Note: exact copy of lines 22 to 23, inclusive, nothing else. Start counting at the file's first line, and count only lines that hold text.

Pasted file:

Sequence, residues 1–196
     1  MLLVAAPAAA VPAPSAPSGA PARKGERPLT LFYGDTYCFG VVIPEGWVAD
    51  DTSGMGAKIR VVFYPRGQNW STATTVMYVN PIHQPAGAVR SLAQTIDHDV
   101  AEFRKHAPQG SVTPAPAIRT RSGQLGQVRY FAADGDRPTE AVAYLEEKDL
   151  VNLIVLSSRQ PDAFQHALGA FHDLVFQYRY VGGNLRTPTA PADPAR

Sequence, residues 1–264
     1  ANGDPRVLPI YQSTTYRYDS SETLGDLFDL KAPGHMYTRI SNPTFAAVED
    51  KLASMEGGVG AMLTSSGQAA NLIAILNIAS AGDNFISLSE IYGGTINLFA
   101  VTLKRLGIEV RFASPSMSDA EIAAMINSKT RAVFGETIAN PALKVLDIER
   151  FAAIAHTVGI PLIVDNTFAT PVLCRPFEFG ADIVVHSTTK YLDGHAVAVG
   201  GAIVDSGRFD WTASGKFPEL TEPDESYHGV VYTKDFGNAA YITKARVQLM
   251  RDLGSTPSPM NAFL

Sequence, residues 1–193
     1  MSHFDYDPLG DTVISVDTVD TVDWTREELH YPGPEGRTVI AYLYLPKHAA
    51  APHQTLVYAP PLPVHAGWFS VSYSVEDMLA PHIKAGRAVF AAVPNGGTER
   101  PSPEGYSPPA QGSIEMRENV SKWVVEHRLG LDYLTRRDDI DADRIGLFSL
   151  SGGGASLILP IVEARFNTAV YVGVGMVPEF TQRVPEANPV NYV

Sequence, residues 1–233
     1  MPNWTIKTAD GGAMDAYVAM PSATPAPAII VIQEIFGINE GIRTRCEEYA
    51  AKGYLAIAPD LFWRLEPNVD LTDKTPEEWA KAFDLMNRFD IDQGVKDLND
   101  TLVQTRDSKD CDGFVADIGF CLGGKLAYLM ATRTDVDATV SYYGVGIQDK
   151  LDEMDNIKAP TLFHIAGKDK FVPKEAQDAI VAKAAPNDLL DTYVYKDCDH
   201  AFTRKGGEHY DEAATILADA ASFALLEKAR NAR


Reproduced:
   151  LDEMDNIKAP TLFHIAGKDK FVPKEAQDAI VAKAAPNDLL DTYVYKDCDH
   201  AFTRKGGEHY DEAATILADA ASFALLEKAR NAR